THE PEERS OR THE PEOPLE ? It matters not whether you appeal to the peers or the people—either will tell you that in cake and pastry making the best results are obtained by using Borwick's Baking Powder.
To the Members of the Exhibiion Committee, Workmen's Hall, Pentre. Gentlemen,—You are to be congratu- lated upon the beneficent work you are doing by devoting the profits from your Hall towards alleviating the distress of your fellow-workmen. I understand you have already eased the silent wants of respected sufferers to the sum of £ 159. Truly a good and glorious work, and all thanks be accorded you and the sup- porters of your enterprise in charity. Yet, may I respectfully and humbly beg of you to. exercise a jealous and dis- criminate eye upon the- choice of subjects illustrated? I am a. frequent visitor to the Hall, and enjoy the excellent pic- tures reproduced on the screen but I regret to state these are sometimes marred by productions of questionable morality and unwholesome influence. I allude to those which are illustrative of infidelity to the sanctity of marriage vows. I feel certain that no man—accentuating the man—would willingly receive benefit from anything that tends in any way to lower the moral standard of his child. I do not know whether or not these are shewn at the matinees for children, as I have not attended a, matinee; but if they are, I consider the powers that be culpably negligent of their moral duties to the young. Educational pictures are not so much used as they should, and I should like to impress upon the Com- mittee the grand and effective opportu- nity they have in utilising the bioscope as a strong factor in educating the masses in matters not easily obtained, especially as' illustrations, e.g., travels, manufac- tures, historic events, &c. I write with the best intentions, a.nd earnestly trust the Committee will accept .them in like spirit.—Yours faithfully, BIO. Looker-on."—We cannot publish your letter, as you have omitted to enclose your name and address.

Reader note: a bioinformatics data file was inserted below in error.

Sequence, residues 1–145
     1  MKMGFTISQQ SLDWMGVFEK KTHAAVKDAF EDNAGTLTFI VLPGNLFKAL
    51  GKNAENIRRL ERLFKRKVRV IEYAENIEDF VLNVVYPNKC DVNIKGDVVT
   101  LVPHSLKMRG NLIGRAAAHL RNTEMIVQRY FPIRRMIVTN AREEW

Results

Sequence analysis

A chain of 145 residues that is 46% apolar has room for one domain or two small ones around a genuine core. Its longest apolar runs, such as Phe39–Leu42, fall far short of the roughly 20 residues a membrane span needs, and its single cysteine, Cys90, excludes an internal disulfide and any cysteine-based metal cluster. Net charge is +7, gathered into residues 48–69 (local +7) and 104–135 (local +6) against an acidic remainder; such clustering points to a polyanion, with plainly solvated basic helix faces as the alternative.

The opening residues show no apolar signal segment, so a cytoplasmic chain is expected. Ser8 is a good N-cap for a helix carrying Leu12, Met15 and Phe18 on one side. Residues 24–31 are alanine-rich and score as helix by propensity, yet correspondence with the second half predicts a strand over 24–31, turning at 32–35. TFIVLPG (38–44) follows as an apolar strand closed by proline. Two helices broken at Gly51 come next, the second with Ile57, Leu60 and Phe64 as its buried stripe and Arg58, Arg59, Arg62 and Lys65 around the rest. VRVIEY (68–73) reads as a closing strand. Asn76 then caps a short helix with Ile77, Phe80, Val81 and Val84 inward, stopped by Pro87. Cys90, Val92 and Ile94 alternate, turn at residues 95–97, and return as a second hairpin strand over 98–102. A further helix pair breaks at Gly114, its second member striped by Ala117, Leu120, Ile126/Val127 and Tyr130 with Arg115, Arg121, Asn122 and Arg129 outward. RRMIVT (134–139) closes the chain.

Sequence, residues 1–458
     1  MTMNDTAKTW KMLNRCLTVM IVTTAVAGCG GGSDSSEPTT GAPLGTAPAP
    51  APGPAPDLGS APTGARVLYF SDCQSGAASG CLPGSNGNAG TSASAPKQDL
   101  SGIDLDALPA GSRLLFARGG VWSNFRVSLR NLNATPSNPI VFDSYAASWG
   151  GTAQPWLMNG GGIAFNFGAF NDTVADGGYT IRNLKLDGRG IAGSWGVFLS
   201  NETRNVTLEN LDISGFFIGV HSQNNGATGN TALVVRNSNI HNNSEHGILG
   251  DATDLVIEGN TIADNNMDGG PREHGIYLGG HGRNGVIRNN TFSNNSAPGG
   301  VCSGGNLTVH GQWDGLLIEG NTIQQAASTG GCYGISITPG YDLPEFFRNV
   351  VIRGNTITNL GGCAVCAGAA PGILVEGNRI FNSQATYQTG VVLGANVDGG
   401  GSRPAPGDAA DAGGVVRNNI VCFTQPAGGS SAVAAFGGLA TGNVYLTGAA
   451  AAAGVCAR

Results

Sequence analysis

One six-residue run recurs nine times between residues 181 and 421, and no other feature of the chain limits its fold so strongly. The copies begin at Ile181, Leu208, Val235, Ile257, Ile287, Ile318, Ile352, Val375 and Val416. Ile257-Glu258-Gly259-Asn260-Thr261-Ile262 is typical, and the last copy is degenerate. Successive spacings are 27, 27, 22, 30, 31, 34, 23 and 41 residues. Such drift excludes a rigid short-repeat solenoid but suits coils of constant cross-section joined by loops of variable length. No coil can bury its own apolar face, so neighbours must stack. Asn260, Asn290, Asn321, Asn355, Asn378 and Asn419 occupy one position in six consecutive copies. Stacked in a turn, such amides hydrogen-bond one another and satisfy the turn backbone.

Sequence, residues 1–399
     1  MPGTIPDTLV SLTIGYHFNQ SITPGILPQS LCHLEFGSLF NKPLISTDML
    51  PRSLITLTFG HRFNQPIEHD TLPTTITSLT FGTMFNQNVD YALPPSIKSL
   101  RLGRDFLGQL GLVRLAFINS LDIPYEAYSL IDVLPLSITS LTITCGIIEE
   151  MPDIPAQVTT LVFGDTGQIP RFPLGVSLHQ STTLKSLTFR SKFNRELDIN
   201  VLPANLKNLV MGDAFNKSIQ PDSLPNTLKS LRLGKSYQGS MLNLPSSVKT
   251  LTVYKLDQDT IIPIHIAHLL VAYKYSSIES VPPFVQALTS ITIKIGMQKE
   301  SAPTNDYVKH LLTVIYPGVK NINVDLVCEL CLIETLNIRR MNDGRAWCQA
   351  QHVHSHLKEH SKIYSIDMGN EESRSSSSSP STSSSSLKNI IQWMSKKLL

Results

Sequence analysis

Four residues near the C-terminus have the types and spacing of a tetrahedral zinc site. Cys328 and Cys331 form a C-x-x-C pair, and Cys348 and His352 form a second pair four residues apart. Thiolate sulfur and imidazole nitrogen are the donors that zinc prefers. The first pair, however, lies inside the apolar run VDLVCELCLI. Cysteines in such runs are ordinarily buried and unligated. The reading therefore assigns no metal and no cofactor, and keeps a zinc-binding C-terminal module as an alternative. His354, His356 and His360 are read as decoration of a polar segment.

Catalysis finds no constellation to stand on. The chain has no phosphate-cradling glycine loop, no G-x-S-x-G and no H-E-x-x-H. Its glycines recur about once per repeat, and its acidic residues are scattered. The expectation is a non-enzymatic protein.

Open Letter To the Members of the Rhondda Educa- tion Committee. Mrs. Nicholas, Mr. Chairman, and Gentlemen,—As a body which has the educational good of the Valley as a whole at heart, you will, I am certain, allow me to express some surprise that no move is evident amongst you for providing ample accommodation for Secondary Edu- cation in the upper portion of the Rhondda Fawr. About fifteen year ago, Mr. W. Jenkins, Ystradfechan, made out a clear case before the old School Board for the erection of another County School at Pentre or Treorchy; but the County Council met the School Board with a non possumus, as the scheme in force for Intermediate Education in the County could not be altered without Parliamen- tary procedure. Since that time, how- ever, a new type of Secondary School has been established by the Board of Edu- cation. Schools of this kind have been built at Cardiff, Swansea and Mountain Ash, and one is projected at Merthyr: and the Upper Rhonddaites wonder why the Pentre Higher Elementary School cannot be. converted into a school of this type, A school of the kind has been recog- nised at Ferndale, though the grant has been imperilled for several years owing to the want of a, proper building; but here.. at Pentre, the building is ready to hand, and you as a. Committee will show weakness if you fail to secure the neces- sary grant from the County Council. The advantages of such a step hardly need demonstrating. The disadvantages are serious and numerous: — 1. The children who go to the Jrentre Higher Elementary School for three or four years must, if they wish to go on to the higher branches. change their school at a, critical period in their career as students. 2. Owing to the change, there is a break in the continuity of their studies. This hampers them and endangers their success at examinations, and, as a rule, lengthens the time necessary to prepare for the Matriculation or equivalent ex- aminations. 3. Just when-the students are reaching the age when they are becoming a heavy drain on the household exchequer of the workman, their expenses are increased by their removal. to the County School at Porth, which is now full. I should also like to mention that the Governors of the Porth County School hold that they are not allowed by the Intermediate Education Scheme for the County to grant bursaries to children because of the distance they have to travel to reach the school, or because of the extra expense necessary to provide dinners, &c. and, as a result, the cost to a pupil from Treherbert is double that of a pupil from Porth. Again, it is only a matter of time for the present Pupil Teacher System to be superseded by the Bursar System, and in most of the counties of Wales the latter svstem is now in force and if the Pentre Higher Elementary School were recog- nised as a Secondary School, there would be no need of providing a new building for the pupil teachers (they are now in a temporary iron building), for the bursars could be accommodated in the Ferndale and the Pentre Secondary Schools. Under this arrangement the young teachers would spend less time in going to and coming from school, and there would be less cause of complaint of the rowdyness which we periodically hear of from over-critical old if not wise heads. The question of the provision of places for the staff of the P.T. Centre would naturally arise, but I don't think that would present an insurmountable diffi- culty in our large and growing district. I should also like to call your attention to the need of giving the boys of the Upper Rhondda the same facilities for manual training as are enjoyed by those in other parts of the Valley. This might help to stem the rush towards a purely scholastic course and serve to improve the efficiency of the boys as workmen in whatever career they may take up. I feel certain that you will not resent my calling attention to these important matters.—I am, yours faithfully, PENPYCH.